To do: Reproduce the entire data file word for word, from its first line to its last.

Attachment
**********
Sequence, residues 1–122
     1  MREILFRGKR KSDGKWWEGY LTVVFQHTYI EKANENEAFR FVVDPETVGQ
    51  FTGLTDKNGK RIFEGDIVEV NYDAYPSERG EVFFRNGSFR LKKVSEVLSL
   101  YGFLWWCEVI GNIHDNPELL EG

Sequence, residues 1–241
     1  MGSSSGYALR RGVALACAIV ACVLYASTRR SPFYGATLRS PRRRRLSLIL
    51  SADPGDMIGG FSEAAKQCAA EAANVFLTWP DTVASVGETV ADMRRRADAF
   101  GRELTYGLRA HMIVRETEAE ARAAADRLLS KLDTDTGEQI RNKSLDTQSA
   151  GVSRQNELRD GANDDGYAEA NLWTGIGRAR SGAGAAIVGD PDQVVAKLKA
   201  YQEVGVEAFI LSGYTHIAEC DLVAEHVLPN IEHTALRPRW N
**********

Sequence, residues 1–122
     1  MREILFRGKR KSDGKWWEGY LTVVFQHTYI EKANENEAFR FVVDPETVGQ
    51  FTGLTDKNGK RIFEGDIVEV NYDAYPSERG EVFFRNGSFR LKKVSEVLSL
   101  YGFLWWCEVI GNIHDNPELL EG

Sequence, residues 1–241
     1  MGSSSGYALR RGVALACAIV ACVLYASTRR SPFYGATLRS PRRRRLSLIL
    51  SADPGDMIGG FSEAAKQCAA EAANVFLTWP DTVASVGETV ADMRRRADAF
   101  GRELTYGLRA HMIVRETEAE ARAAADRLLS KLDTDTGEQI RNKSLDTQSA
   151  GVSRQNELRD GANDDGYAEA NLWTGIGRAR SGAGAAIVGD PDQVVAKLKA
   201  YQEVGVEAFI LSGYTHIAEC DLVAEHVLPN IEHTALRPRW N